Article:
39A record field constraint is introduced when a field is used in an expression. If every `x` in scope is a record field, then an occurrence of `x` has type `a { x :: b } => a -> b` (roughly) instead of generating an ambiguity error. The overloaded `x` is translated using a typeclass, described below. If there are any normal identifiers `x` in scope (as well as fields) then a use of `x` leads to an ambiguity error.  
     40 
     41A record field constraint `r { x :: t }` is syntactic sugar for the pair of constraints `(Has r "x", FldTy r "x" ~ t)`, where 
     42 
     43{{{ 
     44type family FldTy (r :: *) (n :: Symbol) :: * 
     45 
     46class Has r (n :: Symbol) where 
     47  getField :: Proxy# n -> r -> FldTy r n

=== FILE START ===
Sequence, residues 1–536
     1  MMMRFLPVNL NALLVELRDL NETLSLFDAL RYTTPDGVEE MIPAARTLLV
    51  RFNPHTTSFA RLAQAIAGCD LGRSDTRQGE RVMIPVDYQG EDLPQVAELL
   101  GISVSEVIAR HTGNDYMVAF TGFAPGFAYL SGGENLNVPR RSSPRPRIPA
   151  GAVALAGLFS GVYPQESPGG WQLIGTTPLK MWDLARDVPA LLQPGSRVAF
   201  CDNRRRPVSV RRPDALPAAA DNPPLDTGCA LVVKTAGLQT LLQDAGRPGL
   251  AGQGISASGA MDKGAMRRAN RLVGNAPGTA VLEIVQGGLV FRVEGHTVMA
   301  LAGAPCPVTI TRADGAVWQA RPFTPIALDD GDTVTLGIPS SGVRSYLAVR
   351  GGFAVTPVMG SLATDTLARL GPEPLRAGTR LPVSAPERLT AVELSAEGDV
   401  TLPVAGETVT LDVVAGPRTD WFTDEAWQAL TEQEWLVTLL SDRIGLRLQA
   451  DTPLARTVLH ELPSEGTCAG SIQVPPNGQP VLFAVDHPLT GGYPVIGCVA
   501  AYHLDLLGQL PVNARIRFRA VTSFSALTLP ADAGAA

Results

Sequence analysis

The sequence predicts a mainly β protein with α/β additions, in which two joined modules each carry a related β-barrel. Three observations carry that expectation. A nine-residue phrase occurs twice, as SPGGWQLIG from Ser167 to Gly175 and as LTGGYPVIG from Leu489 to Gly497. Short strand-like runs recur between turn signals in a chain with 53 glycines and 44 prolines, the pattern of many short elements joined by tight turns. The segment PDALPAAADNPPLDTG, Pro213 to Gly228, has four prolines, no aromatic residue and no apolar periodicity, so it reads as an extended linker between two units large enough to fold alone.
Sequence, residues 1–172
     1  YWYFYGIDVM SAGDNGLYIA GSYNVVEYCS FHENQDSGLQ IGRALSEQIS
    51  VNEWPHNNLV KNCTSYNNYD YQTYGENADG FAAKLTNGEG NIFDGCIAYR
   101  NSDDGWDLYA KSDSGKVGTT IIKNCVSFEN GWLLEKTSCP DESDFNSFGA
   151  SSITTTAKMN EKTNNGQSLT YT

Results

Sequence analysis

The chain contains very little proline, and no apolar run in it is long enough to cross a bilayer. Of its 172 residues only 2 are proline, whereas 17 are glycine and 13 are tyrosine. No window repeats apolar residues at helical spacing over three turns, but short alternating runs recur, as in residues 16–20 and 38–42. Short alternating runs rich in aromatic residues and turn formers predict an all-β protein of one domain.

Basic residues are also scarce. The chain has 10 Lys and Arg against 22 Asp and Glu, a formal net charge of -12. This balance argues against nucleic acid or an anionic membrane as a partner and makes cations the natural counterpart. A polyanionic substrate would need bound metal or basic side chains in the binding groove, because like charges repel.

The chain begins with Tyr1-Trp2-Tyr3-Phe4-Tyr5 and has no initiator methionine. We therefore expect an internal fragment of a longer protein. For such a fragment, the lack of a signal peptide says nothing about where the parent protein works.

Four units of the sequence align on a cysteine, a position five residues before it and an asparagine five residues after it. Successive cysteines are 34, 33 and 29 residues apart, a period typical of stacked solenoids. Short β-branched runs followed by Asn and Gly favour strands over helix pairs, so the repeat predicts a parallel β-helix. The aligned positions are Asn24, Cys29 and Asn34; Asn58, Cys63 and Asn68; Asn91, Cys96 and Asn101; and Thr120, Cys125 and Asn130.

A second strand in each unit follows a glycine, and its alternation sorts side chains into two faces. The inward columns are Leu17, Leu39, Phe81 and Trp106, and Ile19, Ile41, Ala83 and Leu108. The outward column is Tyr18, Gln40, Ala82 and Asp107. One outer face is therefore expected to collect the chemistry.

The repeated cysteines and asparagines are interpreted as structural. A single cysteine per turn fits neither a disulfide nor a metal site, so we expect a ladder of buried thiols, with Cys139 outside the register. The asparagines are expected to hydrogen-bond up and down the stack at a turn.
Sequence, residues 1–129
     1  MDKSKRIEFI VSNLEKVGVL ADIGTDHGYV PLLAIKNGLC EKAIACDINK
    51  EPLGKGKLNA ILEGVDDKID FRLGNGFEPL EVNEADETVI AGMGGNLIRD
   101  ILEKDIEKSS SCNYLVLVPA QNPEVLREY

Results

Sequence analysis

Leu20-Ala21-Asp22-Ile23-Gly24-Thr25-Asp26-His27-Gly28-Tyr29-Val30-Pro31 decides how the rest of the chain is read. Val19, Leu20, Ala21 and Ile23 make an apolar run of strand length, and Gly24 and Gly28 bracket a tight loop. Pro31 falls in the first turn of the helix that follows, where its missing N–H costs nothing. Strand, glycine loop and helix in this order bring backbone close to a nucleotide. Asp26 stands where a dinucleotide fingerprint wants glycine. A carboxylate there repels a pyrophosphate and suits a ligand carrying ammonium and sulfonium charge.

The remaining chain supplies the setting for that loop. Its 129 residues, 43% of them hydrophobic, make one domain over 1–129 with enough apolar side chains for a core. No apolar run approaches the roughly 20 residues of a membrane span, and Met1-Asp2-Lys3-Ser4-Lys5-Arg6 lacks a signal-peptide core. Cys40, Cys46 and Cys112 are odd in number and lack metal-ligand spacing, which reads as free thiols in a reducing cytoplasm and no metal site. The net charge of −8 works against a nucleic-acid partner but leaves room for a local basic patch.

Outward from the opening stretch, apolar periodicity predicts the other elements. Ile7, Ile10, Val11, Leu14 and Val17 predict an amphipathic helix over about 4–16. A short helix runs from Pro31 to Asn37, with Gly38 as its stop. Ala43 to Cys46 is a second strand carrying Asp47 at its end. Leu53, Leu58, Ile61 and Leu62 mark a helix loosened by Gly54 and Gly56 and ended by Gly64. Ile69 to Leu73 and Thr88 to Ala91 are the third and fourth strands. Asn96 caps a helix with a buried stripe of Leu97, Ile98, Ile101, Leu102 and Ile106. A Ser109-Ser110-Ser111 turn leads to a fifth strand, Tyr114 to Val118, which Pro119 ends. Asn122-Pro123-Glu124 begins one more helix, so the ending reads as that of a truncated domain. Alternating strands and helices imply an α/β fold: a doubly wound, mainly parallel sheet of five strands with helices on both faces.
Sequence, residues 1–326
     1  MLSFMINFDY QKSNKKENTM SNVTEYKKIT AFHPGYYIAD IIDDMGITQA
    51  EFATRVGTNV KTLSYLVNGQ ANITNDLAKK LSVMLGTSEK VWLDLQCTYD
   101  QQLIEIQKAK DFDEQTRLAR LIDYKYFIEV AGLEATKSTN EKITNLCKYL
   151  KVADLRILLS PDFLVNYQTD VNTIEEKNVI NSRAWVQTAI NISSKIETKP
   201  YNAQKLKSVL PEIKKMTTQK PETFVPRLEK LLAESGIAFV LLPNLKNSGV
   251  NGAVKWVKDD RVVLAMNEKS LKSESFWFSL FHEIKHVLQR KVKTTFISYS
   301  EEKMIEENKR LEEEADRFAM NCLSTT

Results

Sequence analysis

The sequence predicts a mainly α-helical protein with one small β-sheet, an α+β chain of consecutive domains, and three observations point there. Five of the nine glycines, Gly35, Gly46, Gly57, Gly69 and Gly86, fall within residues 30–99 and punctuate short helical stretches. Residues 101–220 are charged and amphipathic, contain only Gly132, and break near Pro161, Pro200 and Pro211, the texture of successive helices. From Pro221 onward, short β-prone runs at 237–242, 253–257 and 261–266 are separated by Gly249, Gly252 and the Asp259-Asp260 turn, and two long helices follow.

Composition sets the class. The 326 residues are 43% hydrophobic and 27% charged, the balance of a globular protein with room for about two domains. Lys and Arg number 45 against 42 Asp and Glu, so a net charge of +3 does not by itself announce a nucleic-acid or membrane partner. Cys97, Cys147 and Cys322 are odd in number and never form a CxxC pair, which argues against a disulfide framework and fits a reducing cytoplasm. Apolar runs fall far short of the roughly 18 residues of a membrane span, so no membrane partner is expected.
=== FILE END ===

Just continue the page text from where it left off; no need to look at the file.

48}}} 
     49 
     50Recall that `Symbol` is the kind of type-level strings. Roughly speaking, an occurrence of a field name `x` is translated into `getField (proxy# :: Proxy# "x")`. (Actually a slightly more general translation is used, as [#Lensintegration discussed below].) The type `Proxy#` is zero-width, so it will be erased at runtime, and is used to pass in the type-level string argument, since we don't have explicit type application (yet). 
     51 
     52The syntactic sugar extends to conjunctions:  `r {x :: tx, y :: ty}` means `(Has r "x", FldTy r "x" ~ tx, Has r "y", FldTy r "y" ~ ty)`. Note also that `r` and `t` might be arbitrary types, not just type variables or type constructors.  For example, `T (Maybe v) { x :: [Maybe v] }` means `(Has (T (Maybe b)) "x", FldTy (T (Maybe b)) "x" ~ [Maybe v])`. 
     53 
     54Instances for the `Has` typeclass and `FldTy` type family are automatically generated (for modules with `-XOverloadedRecordFields` enabled) using the record fields that are in scope. For example, the data type 
    5555